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FEATURE: How to keep online learners engaged

Lucia Scodanibbio of CDKN interviews Matilda Rizopulos and colleagues at the Wageningen Centre for Development Innovation about best practices in transitioning learning online: with long term lessons for how we can limit carbon emissions.

We all know that people learn best when the training is relevant, when they can learn in their own way and the methods are clear and fun. In online sessions, one of the biggest challenges of facilitators is to keep participants engaged, when many will be multi-tasking behind their laptop, given everyone’s busy work and personal lives.

“Virtual learning has suffered from a bad reputation because of multiple examples of poor e-learning design in the past. We must be sharp about how to design and facilitate learning that engages participants”, says Matilda Rizopulos from Wageningen University & Research (WUR). Rizopulos works at Wageningen Centre for Development Innovation (WCDI), the international expertise and capacity building unit of WUR.

Here we share a number of conscious design choices that trainers of WCDI are working on – in the preparation of their online learning courses. They’re aimed at maintaining motivation and connection, despite not being physically together.

Design for mobile: content in bite-sized chunks

When designing mobile learning, choosing tools and systems which can support the learning process “anywhere, anytime” is critical. “Through a survey with the participants of our upcoming courses it became clear that many will learn and participate via their tablets and mobile phones” says Matilda Rizopulos. Learning via mobile phone is not something someone can do for many consecutive hours, therefore the content needs to be short and to the point. People check their phones multiple times a day, often only quickly glancing at it. The content offered should therefore be easy to read, with clear and simple graphics, easy to scroll through and accessible when learners have time or when they need it.

Shorter mobile-based learning modules take less time to complete, which gives learners more flexibility to fit the online learning in their daily routine and planning. For a university or knowledge institute this is however a major challenge given the extensive range of content that the various courses generally cover. Dividing the content according to ‘must know’, ‘should know’ and ‘could know’ can help to find a balance between facilitating sufficient learning about the complexity of the course content and compatibility with a micro-learning format .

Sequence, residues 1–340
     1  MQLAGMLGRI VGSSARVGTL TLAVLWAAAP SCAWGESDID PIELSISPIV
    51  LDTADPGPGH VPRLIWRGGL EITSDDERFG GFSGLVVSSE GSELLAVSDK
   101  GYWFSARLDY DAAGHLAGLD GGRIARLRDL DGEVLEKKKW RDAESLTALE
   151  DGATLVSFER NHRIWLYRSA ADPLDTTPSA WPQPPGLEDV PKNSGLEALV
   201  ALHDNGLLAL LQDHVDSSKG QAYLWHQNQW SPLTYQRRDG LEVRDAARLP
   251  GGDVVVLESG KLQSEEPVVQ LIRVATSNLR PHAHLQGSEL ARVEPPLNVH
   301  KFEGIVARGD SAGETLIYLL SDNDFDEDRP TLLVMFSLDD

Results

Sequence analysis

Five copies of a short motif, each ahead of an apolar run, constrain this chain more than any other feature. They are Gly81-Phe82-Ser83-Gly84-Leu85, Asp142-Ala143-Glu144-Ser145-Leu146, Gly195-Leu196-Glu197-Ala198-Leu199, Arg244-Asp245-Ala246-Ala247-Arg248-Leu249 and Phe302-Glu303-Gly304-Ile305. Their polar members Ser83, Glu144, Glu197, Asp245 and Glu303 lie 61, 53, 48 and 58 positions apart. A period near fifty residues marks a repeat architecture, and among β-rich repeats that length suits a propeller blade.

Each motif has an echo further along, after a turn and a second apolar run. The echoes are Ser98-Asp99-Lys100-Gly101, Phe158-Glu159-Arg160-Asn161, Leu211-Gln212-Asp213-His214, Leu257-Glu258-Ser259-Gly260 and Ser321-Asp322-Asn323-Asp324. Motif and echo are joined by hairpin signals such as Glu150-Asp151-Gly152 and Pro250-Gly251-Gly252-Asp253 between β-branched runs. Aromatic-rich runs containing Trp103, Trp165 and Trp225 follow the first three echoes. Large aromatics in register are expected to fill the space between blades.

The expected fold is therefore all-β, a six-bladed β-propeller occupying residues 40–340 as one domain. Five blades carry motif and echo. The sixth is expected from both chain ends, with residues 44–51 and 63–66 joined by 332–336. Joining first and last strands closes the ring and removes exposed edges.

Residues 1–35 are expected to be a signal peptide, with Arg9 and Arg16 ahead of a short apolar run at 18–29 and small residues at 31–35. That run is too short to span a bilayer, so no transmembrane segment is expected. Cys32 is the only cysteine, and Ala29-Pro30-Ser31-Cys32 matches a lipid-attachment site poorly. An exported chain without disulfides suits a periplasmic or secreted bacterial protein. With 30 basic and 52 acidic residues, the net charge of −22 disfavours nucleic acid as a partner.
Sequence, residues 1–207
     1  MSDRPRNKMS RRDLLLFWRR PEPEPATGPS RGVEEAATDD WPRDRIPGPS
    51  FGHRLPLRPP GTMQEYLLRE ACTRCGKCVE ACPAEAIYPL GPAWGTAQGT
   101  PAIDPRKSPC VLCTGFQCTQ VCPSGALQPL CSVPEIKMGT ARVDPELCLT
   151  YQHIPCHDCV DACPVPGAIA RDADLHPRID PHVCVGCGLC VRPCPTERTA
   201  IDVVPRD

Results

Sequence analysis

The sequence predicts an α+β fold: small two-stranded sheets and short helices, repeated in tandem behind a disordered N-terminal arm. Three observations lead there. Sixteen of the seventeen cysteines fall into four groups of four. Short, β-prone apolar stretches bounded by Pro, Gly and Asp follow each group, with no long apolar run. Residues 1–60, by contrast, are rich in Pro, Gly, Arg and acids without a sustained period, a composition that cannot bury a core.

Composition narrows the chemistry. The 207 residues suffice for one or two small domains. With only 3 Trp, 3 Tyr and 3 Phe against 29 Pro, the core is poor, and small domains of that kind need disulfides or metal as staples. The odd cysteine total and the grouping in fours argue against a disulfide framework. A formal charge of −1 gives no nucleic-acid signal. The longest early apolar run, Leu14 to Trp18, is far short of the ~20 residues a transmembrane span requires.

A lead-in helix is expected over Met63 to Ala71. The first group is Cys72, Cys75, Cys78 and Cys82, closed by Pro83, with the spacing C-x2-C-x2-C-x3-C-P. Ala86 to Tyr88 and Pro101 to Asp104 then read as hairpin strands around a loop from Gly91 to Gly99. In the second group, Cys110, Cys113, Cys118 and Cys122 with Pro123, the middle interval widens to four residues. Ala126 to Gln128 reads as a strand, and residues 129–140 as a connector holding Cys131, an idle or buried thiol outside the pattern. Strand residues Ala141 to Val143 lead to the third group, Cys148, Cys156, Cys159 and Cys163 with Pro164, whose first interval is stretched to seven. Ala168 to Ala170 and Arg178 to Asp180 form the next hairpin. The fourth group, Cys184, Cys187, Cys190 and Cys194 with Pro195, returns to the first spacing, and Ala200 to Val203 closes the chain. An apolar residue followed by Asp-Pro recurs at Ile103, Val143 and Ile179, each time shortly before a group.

In situations of poor connectivity or technology failure, breaking down sessions into bite-sized components can also help to keep the course more manageable.

Contributions and participation of learners made easy

Another challenge trainers face is to cater to the diverse digital literacy of the learners.

Digital literacy includes access to technology, having the skills to learn online, making informed choices about how to use the technology and being engaged and confident. In a world that always seems online, a high level of digital literacy is sometimes taken for granted. If learners in a course are not used to learning online and using virtual tools, they might need more time to practice these and may require more one-on-one attention and instruction.

In addition, there are diverse learning styles and preferences. Online facilitators need to curate and develop a variety of learning activities, content and tools, to provide participants with a choice according to how they learn best.

Learners who are more action-oriented and like to experiment may contribute more through working on real life cases, solving problems and testing what they learned through a quiz. Learners that like to reflect on experiences may be more actively engaged in online discussions by challenging points of view and giving and receiving feedback. Learners who form new ideas and like to work on their own, may want to focus on an independent research project or desk study. Catering for such diverse learning styles and finding the right balance between taking enough time to get all participants used to new activities and tools, and avoiding fast learners getting bored, are tricky challenges for a facilitator.

To increase learners’ participation and understanding of the content:

  • Record online sessions so participants can play them back.
  • Spend enough time practicing the use of the digital tools.
  • Offer reference and background materials in various formats (pdf, e-book, video, etc.) so participants can access the content when and how it suits them.
  • Encourage participants to contribute their knowledge and submit their assignments in various formats (such as through blogs, vlogs, discussion boards, video summaries, photos of handwritten text or voice recordings).